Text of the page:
Transatlantic Slave Trade

Dublin Core

Title

Transatlantic Slave Trade

Subject

Slavery

Description

The items in this collection highlight the collection within the Underground Railroad Museum dealing with the slave trade.

Source

Underground Railroad Museum

Publisher

Director Kristina Estle

Collection Items

Slave Vessel 1
This a model of a slave vessel that would have been used during the Transatlantic Slave Trade. The triangular trade route involving America, European countries, and Africa took 3-6 months, and 10-12 million slaves were captured and transported.

African Slaver
This small sculpture depicts the captain of a slave vessel. These men were paid a percentage for each slave they had aboard. Despite lawmakers placing a 300 slave per voyage limit, some slave vessels crammed 600+ slaves.

African Slaver 2
This small sculpture depicts the captain of a slave vessel. These men were paid a percentage for each slave they had aboard. Despite lawmakers placing a 300 slave limit per voyage, some slave vessels crammed 600+ slaves.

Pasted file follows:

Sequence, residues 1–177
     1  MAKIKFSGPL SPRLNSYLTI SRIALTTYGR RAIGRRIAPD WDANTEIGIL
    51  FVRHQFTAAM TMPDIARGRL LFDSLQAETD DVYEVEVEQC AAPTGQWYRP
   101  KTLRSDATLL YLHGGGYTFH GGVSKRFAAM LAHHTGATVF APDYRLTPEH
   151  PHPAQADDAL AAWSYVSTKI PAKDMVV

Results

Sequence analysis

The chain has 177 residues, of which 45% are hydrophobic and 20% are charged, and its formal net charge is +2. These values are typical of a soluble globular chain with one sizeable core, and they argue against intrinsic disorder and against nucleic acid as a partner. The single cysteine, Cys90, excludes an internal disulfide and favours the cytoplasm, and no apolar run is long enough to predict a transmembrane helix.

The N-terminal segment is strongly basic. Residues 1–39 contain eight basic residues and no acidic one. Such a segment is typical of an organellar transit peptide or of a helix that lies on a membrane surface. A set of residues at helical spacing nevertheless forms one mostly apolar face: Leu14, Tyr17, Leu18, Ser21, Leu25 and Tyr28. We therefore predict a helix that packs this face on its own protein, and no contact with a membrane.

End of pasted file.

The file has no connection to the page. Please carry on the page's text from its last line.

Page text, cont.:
Slave Ship
This is a model of a slave ship that would have been used during the Transatlantic slave trade. Before its arrival to America, the slaves would be 'seasoned,' where they would be gorged with the remaining food rations, and their skin would be oiled…

Slave Ship
Model slave vessel. Most enslaved people came from the western African coast or nicknamed the Slave Coast, which consisted of Tongo, Nigeria, and Benin.

Transport Collar
This transport collar is inscribed, "Montague & Dawson- Dealers of Fine- Horses & African Negroes- Montgomery, Alabama 1854". Slaves were treated and accounted for like livestock.

Eating Utensils
Eating utensils such as the hollowed gourd and oysters that were eaten are a could of examples of the conditions among the slave vessels. Provisions were scarce, and the enslaved people ate very little during their long journey.

Inside the Slave Ship
This mural depicts a scene of the inside of a slave ship. Painted upon a brick wall on the Underground Railroad Museum's basement level, it allows visitors to experience what life would have looked like in the belly of the ship among the enslaved…
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